> setting OPTION_BEGIN, except in connection with OPTION_GTID_BEGIN.
> OPTION_GTID_BEGIN is only set when we *know* that there will be a
> COMMIT event following in the log.
> I also try to verfiy this by running a test that does this on the master:
> "create table t2 (a int) engine=myisam"
> I added a breakpoint for the slave in
> "mysql_create_table"
> Neiter when the function was entered or exited was the OPTION_BEGIN
> flag set.
> Can you give me an example of where things goes wrong, preferably with
> an extract from the binary log that shows what is actually logged.
> For example, here is how a normal create table is logged.
> (From suite/rpl/r/create_or_replace_row.result)
> slave-bin.000001        #       Gtid    #       #       GTID #-#-#
> slave-bin.000001        #       Query   #       #       use `test`; create table t2 (a int) engine=myisam
> slave-bin.000001        #       Gtid    #       #       BEGIN GTID #-#-#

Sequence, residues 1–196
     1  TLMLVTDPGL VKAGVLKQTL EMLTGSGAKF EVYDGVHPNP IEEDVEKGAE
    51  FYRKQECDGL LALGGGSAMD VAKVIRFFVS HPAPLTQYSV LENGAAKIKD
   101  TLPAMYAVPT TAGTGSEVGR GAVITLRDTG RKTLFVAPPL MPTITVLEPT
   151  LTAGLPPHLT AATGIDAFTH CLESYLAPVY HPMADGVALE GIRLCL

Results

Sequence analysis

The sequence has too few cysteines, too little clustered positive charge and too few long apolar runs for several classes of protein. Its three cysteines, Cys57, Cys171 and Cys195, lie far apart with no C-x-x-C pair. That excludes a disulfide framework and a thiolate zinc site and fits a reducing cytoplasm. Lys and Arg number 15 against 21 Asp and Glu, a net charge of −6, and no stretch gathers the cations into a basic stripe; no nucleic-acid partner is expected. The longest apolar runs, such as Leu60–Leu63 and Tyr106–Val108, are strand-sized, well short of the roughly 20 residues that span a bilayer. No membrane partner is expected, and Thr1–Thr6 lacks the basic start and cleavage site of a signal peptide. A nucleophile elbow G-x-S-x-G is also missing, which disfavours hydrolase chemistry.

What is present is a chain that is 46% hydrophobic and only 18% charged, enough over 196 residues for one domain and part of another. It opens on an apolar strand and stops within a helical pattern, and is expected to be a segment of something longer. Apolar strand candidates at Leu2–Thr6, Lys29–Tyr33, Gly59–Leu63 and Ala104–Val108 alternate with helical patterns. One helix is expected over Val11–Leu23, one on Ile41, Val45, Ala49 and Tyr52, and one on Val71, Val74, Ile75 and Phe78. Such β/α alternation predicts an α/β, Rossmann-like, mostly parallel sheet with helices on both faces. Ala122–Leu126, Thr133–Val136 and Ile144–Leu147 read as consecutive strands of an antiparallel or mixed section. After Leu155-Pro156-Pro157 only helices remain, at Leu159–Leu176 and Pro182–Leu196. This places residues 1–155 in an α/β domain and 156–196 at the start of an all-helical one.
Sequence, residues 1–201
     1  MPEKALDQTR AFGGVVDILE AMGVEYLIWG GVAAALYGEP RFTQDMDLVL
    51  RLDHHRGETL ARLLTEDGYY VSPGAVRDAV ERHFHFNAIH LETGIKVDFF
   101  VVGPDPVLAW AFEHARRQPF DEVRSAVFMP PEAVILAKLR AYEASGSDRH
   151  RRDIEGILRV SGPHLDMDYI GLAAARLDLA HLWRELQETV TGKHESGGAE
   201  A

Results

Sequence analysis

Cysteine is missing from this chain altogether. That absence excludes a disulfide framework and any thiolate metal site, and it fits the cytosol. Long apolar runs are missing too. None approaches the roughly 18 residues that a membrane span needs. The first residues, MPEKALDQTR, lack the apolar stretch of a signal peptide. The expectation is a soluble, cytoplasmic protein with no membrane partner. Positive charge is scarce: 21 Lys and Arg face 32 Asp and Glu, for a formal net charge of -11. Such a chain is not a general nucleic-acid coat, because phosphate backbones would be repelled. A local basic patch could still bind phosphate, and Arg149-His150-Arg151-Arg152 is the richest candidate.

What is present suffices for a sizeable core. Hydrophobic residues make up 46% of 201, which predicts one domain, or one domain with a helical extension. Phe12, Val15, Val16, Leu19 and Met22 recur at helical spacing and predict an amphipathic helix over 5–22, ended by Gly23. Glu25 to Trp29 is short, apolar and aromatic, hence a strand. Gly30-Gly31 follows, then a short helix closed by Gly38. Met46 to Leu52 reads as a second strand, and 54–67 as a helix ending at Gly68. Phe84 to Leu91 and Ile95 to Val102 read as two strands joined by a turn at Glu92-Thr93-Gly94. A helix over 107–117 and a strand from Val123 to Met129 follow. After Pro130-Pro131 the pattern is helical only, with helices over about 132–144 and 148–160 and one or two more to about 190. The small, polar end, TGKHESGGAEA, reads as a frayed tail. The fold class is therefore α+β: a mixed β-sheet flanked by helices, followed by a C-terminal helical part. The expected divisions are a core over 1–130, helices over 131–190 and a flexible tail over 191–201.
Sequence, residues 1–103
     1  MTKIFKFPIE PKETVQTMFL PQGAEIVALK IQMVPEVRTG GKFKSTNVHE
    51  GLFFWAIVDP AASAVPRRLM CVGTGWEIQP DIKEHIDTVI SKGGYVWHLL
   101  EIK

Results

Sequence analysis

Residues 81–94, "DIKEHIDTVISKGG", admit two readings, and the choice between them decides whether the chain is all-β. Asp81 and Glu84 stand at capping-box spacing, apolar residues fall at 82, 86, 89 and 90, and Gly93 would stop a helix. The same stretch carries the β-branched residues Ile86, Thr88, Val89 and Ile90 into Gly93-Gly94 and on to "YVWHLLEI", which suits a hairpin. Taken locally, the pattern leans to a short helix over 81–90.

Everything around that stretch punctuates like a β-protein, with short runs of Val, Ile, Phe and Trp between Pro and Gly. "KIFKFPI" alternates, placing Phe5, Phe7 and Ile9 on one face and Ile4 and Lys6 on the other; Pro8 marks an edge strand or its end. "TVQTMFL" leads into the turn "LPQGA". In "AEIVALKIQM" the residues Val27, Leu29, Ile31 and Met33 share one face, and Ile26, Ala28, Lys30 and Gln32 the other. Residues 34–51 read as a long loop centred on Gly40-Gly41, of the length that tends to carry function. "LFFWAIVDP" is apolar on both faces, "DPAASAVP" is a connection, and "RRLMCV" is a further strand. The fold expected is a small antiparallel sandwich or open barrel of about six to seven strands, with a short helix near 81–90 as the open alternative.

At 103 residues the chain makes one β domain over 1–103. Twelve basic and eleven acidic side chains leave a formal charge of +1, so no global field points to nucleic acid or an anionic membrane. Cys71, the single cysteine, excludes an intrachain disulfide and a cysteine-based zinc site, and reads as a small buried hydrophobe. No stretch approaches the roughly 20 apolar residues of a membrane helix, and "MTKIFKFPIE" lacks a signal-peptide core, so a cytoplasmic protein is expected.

> The GTID above should not set OPTON_BEGIN or OPTION_GTID_BEGIN on the
> slave.
> However a CREATE ... SELECT will look like:
> master-bin.000001       #       Gtid    #       #       BEGIN GTID #-#-#
> master-bin.000001       #       Query   #       #       use `test`; CREATE TABLE
>  `t1` (
>   `f1` int(1) NOT NULL DEFAULT '0'
> )
> master-bin.000001       #       Table_map       #       #       table_id: # (tes
> t.t1)
> master-bin.000001       #       Write_rows_v1   #       #       table_id: # flag
> master-bin.000001       #       Query   #       #       COMMIT
> The above will set the OPTION_BEGIN and OPTION_GTID_BEGIN for the